Interactive, Paperless, Formative Assessments

In a never-ending testing environment, formative assessments can be overwhelming. District-mandated assessments PLUS classroom assessments are a recipe for student shutdowns. But don’t fear, try any of these methods to spruce up your classroom formative assessments. Students love the games, and teachers can use the information to drive instruction.

  • Quizlet Live: Quizlet Live randomly places students in groups, assigns a mascot, and requires students to work together to answer questions.
  • Plickers: I recently showed this to teachers during a professional development and they were blown away. Afterwards, many teachers tried it immediately and the feedback was tremendously positive. Plickers stores information by student and uses technology to accept student answers. Each student is assigned a specific code card, so teachers can track students’ individual progress as well as the class. Plickers is great for accumulating data to drive instruction.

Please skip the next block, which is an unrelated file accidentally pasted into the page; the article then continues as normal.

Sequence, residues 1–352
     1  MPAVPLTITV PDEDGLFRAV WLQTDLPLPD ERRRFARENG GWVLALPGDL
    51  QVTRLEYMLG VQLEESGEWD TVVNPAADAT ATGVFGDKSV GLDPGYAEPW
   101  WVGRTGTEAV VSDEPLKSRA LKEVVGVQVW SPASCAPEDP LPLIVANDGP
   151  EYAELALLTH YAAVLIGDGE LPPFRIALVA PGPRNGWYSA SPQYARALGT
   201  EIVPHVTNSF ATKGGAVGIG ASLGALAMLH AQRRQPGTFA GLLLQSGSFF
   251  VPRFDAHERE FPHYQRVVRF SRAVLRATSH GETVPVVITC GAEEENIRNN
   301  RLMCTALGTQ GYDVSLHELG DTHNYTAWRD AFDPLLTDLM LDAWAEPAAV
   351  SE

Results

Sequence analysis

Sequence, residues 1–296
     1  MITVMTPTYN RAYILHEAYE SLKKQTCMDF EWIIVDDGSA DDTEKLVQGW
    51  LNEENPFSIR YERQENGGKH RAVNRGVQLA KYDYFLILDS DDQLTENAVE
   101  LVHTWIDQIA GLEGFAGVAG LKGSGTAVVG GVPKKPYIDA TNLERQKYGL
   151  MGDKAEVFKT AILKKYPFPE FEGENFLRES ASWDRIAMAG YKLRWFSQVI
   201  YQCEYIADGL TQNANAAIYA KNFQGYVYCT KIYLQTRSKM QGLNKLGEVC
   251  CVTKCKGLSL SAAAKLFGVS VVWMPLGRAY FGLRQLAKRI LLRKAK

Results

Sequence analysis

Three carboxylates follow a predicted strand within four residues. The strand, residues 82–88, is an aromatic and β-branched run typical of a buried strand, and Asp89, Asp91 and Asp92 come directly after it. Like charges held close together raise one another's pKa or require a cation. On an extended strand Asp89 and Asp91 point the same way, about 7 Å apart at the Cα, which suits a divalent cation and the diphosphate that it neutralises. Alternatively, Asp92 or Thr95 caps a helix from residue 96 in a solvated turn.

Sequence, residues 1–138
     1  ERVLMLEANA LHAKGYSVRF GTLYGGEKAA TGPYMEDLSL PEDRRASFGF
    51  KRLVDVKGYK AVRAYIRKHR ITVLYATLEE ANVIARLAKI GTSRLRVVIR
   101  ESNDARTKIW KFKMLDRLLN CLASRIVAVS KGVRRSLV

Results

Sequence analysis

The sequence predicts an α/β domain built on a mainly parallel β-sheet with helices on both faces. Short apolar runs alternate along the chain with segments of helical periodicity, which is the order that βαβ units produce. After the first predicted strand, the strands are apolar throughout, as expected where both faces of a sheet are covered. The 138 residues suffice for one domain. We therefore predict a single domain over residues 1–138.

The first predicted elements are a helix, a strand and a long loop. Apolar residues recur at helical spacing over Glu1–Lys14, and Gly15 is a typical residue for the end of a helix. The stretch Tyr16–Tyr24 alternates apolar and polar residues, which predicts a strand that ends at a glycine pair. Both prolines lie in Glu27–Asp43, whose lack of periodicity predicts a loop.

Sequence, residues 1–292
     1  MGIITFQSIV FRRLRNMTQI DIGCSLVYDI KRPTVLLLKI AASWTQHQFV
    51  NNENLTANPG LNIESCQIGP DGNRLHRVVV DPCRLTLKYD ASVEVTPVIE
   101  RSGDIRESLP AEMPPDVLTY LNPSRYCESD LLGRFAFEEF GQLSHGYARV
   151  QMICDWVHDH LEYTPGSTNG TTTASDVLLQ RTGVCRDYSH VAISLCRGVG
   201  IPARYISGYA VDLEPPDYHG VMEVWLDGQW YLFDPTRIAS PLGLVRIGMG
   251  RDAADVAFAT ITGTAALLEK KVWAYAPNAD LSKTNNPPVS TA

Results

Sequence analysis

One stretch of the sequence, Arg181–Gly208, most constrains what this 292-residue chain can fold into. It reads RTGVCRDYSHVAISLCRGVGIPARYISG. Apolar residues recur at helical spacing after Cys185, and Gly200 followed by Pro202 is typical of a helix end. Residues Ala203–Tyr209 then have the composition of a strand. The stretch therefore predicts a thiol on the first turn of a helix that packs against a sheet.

• Kahoot!: I’ve seen this used a lot at the middle school level. Students can play using their Chromebooks or personal electronic devices. It’s like an interactive survey with instant results. It also ranks students, creating friendly competition.
  • Quizziz: Quizziz sends questions to the student’s device and allows them to answer at their own pace. The faster they answer, the more points they earn. There are also options to assign quizzes with a deadline, or quizzes can be done as a class.


  1. […] groups and support students through their activities. If I had done it correctly, when I gave a formative assessment, everyone would do better on the skill, regardless of original proficiency […]

  2. […] alternative formative assessments. This will increase engagement and create an interactive […]

  3. […] Activity: Vocabulary Teacher:  “Using the new vocabulary words and definitions, complete a Critical Thinking Vocabulary Organizer of your choice.” Student: Student chooses the Vocabulary Connections Graphic Organizer and makes word-to-text, word-to-self, and word-to-world connections with each vocabulary word. Outcome: Instead of spending 20 minutes copying down definitions, the student spent 20 minutes making connections and learning the new vocabulary. The teacher can now have the student apply the skill to another activity, debrief with the student about the vocabulary, or formatively assess the students understanding of the new vocabulary words with an interactive activity. […]

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